Mosaics and Linden Trees

I had originally meant to write a blog this week about birdsong, particularly Mozart’s starling and my own talented Cockatiel Lucy. This will have to wait! I got waylaid as I was thinking about what recipe I wanted to feature.

I love anything that includes poppy seeds: bagels, strudel, hamentaschen or cake. I remembered an amazing vegan raspberry poppy seed tart that I had in Vienna a few years ago. After we returned home from the trip, I became obsessed with recreating it!

Here is the back story……

My group Hevreh Ensemble traveled to Poland in 2018 where we presented concerts for the Jewish Cultural Festival in Krakow and concerts in Lublin and for the POLIN Museum in Warsaw. We were fortunate to collaborate with the amazing photographer Loli Kantor in a project together.

Polin Museum of Jewish History- Warsaw, Poland: Video presentation by Loli Kantor

After the tour, my husband and I traveled to Budapest and then to Vienna. Following is a blog that I wrote about the trip and the poppy seed dessert for Hevreh Ensemble’s website in 2018. Since we will not be taking any long trips for yet awhile, I reread the blog with both nostalgia and envy. We took our freedom to travel and go on adventures so for granted. I plan to make the poppy seed tart again and will bring it to a barbeque or other gathering soon!

Mosaics and Linden Trees- 9/28/18

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After our concerts this past summer in Poland, my husband Paul & I had the wonderful opportunity to travel for an extra week to other destinations in Europe. We took off by train from Warsaw for a trip to Budapest and Vienna. We had been to Vienna a few years ago and were impressed by the creative and cultural energy of the city. It was wonderful to be able to return to Vienna and to find new neighborhoods to explore.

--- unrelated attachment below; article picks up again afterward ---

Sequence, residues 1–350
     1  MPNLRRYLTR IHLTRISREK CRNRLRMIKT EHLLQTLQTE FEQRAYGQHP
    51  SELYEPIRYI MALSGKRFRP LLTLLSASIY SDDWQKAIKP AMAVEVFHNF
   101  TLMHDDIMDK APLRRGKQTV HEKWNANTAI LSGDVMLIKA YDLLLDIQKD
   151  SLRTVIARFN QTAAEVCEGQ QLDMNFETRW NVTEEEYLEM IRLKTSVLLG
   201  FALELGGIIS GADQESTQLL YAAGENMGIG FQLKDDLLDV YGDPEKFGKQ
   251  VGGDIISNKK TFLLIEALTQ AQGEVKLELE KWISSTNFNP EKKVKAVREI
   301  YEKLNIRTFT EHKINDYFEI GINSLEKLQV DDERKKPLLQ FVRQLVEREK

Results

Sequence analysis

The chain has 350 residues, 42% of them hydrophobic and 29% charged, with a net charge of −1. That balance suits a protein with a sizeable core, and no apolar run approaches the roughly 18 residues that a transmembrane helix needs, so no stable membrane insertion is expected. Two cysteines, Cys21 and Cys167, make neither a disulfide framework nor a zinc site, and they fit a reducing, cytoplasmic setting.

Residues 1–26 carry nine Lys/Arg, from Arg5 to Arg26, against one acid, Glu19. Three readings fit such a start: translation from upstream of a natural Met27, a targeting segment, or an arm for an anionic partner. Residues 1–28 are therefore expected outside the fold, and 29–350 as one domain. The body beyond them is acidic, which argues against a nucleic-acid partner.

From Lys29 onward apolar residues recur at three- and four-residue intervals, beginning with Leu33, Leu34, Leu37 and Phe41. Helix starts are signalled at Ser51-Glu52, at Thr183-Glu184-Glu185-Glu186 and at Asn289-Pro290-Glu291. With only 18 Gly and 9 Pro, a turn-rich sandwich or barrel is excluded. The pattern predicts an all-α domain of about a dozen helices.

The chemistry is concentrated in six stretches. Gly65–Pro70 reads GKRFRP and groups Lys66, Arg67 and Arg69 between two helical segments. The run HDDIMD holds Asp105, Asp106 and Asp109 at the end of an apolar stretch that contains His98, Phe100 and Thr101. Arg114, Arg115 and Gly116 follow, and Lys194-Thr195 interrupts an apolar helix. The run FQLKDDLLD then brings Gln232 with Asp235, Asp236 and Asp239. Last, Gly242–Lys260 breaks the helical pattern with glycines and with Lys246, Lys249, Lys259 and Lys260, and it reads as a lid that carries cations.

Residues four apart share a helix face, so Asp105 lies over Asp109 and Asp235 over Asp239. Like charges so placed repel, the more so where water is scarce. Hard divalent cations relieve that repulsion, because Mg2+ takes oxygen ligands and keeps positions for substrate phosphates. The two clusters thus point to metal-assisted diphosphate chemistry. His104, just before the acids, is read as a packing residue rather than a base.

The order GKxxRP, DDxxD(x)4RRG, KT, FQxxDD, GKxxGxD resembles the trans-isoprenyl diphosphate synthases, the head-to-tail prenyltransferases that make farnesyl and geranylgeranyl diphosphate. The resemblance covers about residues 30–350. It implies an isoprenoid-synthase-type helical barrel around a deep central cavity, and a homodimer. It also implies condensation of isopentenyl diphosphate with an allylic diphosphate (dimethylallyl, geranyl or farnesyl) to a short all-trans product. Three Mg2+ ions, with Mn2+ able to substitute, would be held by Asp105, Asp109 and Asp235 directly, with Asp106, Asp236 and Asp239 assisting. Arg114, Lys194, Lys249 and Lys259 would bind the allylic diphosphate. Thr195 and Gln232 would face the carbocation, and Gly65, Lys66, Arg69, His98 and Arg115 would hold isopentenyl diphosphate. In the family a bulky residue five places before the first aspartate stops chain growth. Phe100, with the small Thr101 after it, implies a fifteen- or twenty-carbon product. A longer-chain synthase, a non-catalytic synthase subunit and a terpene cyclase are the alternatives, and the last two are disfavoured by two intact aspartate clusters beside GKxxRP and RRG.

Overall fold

Our hotel Altwienerhof was in the 15th District of Vienna and was reached by an underground stop that was easy to remember- Gumpendorfer Strasse! I have never been an early riser, so on our trips, Paul often leaves early around 6:30 or 7:00 AM to find coffee and to do a bit of exploring. This particular morning he decided to walk in the residential neighborhood near our hotel. He observed that there were a few placards on the walls and almost by chance came to a small clearing on a tiny street called Turnergasse.

It turned out this was the site of a memorial for the Turner Temple that was destroyed in 1938 during the terrible Kristallnacht (Night of Broken Glass).The synagogue was an important symbol and a center of the district’s Jewish life. The Turner Temple Memorial was opened on November 16, 2011.

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A web of black concrete beams were chosen as the central design element. Mosaics form a bridge between the past and present and they show fruit and plants that are mentioned in the Torah. There is a row of Linden trees that were integrated into the design and according to the community organizers for the memorial, they symbolize the horrors of the past but also look forward to a future full of hope.

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Later that morning Paul showed me the site and we also looked at some of the placards- one included a picture of a Jewish Kindergarten that was housed at 21 Herklotzgasse.

We looked down the hallway of the building and discovered a small sign that said Turnhalle. We walked down the narrow passageway and saw that the building that housed the former kindergarten was now occupied by a vegan restaurant run by a group of earnest and dedicated young cooks. We strongly felt the caring and effort of the community to remember and honor the past, but also were encouraged that the spaces emptied because of distant terrible horrors, were being used in a positive and caring way.